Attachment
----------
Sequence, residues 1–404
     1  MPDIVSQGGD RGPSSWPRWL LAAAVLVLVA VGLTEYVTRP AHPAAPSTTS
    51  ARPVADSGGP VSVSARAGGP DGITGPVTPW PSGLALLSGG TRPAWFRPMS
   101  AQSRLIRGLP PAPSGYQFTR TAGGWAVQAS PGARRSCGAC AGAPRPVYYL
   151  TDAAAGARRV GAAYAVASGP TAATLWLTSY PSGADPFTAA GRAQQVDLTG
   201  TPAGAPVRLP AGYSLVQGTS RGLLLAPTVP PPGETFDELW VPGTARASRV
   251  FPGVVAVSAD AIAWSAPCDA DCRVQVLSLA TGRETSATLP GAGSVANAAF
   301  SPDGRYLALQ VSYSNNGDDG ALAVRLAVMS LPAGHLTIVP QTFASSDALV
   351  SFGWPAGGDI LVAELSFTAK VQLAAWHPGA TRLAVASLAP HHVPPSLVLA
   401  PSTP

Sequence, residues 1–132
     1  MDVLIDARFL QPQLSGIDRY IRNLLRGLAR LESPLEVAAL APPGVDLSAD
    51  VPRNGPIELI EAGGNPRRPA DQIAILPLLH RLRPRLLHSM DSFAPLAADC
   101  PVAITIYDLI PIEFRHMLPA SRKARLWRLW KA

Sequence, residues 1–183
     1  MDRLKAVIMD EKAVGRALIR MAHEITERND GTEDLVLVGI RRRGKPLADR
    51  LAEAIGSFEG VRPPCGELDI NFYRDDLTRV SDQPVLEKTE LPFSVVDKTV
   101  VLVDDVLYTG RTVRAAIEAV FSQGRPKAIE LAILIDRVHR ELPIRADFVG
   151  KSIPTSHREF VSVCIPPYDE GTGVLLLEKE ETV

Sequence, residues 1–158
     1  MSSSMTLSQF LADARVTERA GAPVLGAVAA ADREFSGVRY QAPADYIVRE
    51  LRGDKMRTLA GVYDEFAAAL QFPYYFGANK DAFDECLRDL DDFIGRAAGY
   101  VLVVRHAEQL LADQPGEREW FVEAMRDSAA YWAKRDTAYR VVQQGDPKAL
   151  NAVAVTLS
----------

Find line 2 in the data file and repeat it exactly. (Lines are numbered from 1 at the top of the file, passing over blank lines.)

     1  MPDIVSQGGD RGPSSWPRWL LAAAVLVLVA VGLTEYVTRP AHPAAPSTTS